Flagg continued in his office undisturbed until the end of 1858. No penalties were issued in any of the following years even though contracting out did not fare any better after Flagg had left office.


Although corruption was tolerated in the nineteenth century and enforcement was lax, one might imagine that surely things are different today. But consider the following.

In 1995 New York City signed a contract with a private company, US Servis, to provide a billing system for the city's health maintenance organization Metro Plus. The contractor failed to install and maintain the system, and after a year of non-performance the New York City Health and Hospital Corporation in July of 1996 considered terminating the contract or at least stopping the payments until the contractor fulfilled its obligations. At this point, however, a non-paid aide close to the Mayor--someone who sat in on cabinet meetings and who was a paid lobbyist for US Servis--intervened. According to the vice president of the City Health and Hospital Corporation the mayor's aide explained "how important this was to the mayor," and the plan to terminate the contractor was dropped. Instead the contractor was immediately paid an additional $2.11 million plus another $3.5 million eight months later, even though the contractor still had not provides the service. The Hospital Corporation's own vice chairman of the board "didn't understand how [US Servis] received $3.5 million for not doing their job," but was powerless to stop the payment. In February 1997 the President of the corporation declared that "it would take almost a miracle not to default on the company." But the mayor's aide intervened again. Interestingly, the matter was never pursued by the city newspapers although the story was initially covered by the New York Times. It can be surmised that US Servis was never penalized for its breach of contract. The year in which this scandal was disclosed, 1997, was an election year, and the contract with US Servis wasn't the only corruption scandal that the city newspapers exposed.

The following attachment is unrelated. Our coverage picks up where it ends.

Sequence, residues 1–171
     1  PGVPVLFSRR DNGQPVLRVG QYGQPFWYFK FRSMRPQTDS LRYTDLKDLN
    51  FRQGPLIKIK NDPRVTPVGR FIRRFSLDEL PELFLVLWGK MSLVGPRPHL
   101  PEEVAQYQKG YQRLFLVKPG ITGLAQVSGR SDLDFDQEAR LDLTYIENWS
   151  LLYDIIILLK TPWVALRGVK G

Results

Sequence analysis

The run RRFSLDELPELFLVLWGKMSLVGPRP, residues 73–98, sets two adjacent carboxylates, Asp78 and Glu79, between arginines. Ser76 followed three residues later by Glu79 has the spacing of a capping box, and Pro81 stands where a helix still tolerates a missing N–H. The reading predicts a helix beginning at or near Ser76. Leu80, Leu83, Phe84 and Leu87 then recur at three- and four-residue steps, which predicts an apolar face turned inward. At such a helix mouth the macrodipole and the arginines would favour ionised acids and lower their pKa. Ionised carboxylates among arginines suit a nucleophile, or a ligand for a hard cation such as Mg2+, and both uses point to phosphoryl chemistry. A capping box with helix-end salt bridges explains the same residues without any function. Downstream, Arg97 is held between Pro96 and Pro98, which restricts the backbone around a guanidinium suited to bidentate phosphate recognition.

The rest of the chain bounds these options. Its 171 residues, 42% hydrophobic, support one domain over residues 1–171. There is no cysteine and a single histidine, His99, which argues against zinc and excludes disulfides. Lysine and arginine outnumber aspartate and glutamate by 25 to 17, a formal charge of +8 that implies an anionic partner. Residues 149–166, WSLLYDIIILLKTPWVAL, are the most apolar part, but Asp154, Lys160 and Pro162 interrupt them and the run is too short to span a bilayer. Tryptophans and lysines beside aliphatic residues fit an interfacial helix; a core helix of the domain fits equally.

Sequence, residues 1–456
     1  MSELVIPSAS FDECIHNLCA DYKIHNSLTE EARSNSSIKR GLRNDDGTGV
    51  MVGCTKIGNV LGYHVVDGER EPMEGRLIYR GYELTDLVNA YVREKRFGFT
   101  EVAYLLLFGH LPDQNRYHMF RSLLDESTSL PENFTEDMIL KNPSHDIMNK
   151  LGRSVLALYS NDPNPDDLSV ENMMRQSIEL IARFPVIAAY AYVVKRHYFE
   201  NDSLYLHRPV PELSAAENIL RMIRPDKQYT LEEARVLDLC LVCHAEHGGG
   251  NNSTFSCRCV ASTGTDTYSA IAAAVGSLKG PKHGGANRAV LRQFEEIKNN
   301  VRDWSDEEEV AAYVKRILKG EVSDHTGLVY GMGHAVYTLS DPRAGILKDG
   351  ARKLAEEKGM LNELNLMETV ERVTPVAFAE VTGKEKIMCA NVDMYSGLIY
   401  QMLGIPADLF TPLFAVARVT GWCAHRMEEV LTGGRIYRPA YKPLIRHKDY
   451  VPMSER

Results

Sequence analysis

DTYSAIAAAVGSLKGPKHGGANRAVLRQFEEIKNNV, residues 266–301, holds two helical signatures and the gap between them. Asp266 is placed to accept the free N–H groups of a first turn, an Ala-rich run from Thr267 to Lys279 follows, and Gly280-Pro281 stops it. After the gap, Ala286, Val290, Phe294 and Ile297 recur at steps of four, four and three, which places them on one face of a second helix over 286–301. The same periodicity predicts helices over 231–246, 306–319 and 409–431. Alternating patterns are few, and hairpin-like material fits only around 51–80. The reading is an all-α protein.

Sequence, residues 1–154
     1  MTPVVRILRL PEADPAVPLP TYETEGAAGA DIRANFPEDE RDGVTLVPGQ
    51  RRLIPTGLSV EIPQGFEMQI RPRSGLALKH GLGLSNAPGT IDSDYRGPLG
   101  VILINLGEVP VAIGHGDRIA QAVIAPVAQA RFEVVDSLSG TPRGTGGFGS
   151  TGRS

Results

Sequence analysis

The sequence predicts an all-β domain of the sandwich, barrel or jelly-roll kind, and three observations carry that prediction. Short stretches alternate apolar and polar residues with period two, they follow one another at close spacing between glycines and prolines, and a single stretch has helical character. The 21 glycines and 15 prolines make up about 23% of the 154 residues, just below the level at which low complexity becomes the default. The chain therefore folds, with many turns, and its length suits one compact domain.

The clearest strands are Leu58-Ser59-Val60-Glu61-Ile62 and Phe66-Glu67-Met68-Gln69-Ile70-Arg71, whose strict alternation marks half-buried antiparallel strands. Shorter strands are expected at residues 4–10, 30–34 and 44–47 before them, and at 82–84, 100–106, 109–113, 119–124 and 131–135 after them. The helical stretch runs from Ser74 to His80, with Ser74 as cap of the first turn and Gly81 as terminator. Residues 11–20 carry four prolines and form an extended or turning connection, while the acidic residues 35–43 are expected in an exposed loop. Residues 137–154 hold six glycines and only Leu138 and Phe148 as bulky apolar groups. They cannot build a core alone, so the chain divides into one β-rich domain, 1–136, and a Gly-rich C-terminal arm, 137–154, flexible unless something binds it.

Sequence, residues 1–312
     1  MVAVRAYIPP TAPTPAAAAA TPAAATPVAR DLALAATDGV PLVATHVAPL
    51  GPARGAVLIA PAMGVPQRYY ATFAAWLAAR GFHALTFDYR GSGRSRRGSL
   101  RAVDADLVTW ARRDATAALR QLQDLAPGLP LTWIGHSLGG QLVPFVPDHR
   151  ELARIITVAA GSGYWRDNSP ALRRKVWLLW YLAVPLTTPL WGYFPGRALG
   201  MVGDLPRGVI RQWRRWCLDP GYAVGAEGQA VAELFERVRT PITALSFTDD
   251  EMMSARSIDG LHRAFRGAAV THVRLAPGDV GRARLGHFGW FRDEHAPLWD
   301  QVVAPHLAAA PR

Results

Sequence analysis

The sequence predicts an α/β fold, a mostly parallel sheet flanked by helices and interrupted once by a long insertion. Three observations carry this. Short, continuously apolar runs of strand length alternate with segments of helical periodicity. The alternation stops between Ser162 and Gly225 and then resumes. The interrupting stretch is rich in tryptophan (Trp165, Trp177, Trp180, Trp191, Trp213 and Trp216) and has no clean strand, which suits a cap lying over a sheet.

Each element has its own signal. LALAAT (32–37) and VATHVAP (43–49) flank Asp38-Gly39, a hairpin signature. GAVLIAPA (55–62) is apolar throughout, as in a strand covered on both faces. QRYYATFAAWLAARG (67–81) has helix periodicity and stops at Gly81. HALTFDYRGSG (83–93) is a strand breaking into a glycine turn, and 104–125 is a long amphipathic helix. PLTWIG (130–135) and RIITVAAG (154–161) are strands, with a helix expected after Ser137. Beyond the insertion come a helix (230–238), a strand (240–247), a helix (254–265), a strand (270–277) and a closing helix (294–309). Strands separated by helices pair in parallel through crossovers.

In March 1997 the New York times reported that penalties were lightened for two contractors who had failed to fulfill their contracts. In one case a construction company that was involved in the collapse of a Housing Authority building was permitted to continue to work for the city after intervention by the same mayoral aide who, as it later became evident, lobbied in behalf of US Servis. The authority's staff demanded that the contractor be held in default of its contract, which would have permanently barred it from city contracts.

In a second case a construction contractor performed such shoddy work in a school renovation project that the School Construction Authority tried to terminate its contract "for cause." This classification would have not only affected the penalties for that contract, but also hampered the contractors effort to get future contracts as well. The same mayoral aide intervened also in this case, and instead of paying a fine the contractor received an additional payment, leaving it with $7 million of the $8 million contract. The termination was classified as "for convenience" instead of the potent "for cause." The school's students were not so lucky. Another contractor had to be hired to do the job, and the school opened a year late.